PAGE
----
Just over three weeks ago, the Associated Press broke the news that Comcast was hampering peer-to-peer traffic, with protocols like BitTorrent, eDonkey, and Gnutella named as the primary casualties. Comcast later owned up to the throttling, but it said it was merely "delaying" (and not blocking) some traffic during "periods of heavy peer-to-peer congestion."
Comcast's explanation wasn't enough to satisfy one user in the San Francisco Bay area, because he's filed a class action lawsuit against Comcast over the issue, according to a new AP report. The lawsuit alleges Comcast is misleading customers with its claims of "mind-blowing" speeds and "unfettered access" to the Internet. Comcast and its subsidiaries "intentionally and severely impede the use of certain Internet applications by their customers, slowing such applications to a mere crawl or stopping them altogether."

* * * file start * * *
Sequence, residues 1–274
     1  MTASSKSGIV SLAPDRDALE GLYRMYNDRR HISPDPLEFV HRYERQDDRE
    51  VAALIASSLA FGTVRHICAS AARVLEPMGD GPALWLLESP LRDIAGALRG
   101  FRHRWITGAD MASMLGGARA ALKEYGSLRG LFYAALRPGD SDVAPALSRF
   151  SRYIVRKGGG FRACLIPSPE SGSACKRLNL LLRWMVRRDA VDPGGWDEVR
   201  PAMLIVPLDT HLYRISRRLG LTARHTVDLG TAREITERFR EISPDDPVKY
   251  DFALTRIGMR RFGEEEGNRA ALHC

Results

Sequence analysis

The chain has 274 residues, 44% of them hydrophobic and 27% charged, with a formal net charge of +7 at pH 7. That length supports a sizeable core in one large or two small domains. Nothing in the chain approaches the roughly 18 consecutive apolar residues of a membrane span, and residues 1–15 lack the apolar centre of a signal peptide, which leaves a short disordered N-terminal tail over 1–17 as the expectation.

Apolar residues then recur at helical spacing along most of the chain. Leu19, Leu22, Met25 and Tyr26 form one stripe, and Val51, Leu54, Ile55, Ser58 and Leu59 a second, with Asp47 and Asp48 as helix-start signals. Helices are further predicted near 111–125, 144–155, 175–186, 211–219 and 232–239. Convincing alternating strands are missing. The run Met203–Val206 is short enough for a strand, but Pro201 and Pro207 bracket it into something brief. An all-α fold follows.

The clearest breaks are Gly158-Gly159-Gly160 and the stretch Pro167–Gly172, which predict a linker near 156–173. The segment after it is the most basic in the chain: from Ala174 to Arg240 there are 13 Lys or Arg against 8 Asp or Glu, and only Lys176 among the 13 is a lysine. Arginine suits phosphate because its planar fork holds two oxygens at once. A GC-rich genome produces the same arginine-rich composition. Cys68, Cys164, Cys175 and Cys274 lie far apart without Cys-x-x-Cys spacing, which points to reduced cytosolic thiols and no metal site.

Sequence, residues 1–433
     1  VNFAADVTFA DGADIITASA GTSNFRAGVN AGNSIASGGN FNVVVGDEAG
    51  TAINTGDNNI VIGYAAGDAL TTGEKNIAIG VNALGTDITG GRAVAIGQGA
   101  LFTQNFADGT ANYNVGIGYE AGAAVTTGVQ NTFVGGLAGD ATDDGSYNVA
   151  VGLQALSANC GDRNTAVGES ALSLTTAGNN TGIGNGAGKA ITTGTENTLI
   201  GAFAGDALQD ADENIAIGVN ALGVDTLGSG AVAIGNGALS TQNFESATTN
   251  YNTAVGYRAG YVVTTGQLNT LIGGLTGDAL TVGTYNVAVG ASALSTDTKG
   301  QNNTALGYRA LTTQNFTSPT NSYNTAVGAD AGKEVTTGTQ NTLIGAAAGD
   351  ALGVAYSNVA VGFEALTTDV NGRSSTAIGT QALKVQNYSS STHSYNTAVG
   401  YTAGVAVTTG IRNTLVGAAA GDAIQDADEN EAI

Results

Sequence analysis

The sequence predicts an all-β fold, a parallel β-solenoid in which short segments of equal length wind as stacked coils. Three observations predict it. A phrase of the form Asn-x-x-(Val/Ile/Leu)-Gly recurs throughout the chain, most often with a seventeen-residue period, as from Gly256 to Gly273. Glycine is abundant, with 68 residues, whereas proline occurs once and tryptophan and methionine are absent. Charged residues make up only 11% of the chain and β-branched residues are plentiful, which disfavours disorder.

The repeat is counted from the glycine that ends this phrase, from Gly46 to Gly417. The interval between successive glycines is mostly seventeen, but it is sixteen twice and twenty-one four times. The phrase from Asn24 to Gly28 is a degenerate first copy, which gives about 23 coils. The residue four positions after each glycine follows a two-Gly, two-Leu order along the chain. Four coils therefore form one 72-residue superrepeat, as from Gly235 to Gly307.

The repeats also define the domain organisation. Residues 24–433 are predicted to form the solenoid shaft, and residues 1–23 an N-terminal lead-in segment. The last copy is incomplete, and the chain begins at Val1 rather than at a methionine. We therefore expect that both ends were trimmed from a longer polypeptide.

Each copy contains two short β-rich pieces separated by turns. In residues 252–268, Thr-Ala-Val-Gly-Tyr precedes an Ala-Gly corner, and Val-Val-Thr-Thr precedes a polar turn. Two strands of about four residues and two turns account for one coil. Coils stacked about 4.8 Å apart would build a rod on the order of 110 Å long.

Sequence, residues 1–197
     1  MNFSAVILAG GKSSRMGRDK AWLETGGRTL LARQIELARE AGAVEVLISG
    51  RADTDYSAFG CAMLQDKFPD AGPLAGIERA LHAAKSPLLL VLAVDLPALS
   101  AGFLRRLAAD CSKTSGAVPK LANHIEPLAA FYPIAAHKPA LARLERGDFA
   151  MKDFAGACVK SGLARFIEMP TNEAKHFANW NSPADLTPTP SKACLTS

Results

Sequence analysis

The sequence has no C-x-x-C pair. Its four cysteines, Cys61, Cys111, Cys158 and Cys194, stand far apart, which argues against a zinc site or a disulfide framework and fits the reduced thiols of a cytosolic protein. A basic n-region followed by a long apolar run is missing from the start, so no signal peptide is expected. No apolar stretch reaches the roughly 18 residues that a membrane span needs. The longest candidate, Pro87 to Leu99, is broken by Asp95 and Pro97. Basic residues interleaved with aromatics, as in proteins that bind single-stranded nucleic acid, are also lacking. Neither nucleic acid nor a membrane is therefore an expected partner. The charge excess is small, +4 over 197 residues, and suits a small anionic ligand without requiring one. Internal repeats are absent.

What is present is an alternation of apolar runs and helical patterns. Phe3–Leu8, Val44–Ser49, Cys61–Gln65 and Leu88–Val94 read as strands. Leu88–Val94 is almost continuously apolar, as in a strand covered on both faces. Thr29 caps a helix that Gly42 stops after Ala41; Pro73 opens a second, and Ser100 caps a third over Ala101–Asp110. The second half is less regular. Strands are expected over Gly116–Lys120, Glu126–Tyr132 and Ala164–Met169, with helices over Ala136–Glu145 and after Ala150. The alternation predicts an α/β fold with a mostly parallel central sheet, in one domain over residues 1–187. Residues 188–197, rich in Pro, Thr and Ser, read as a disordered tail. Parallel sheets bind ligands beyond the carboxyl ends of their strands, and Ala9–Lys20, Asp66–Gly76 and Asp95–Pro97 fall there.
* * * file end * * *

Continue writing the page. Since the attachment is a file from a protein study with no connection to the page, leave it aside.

The class action "seeks to end (Comcast's) practice and seeks recovery of fees paid by customers who paid for services they did not receive." Comcast has yet to issue an official comment on the matter.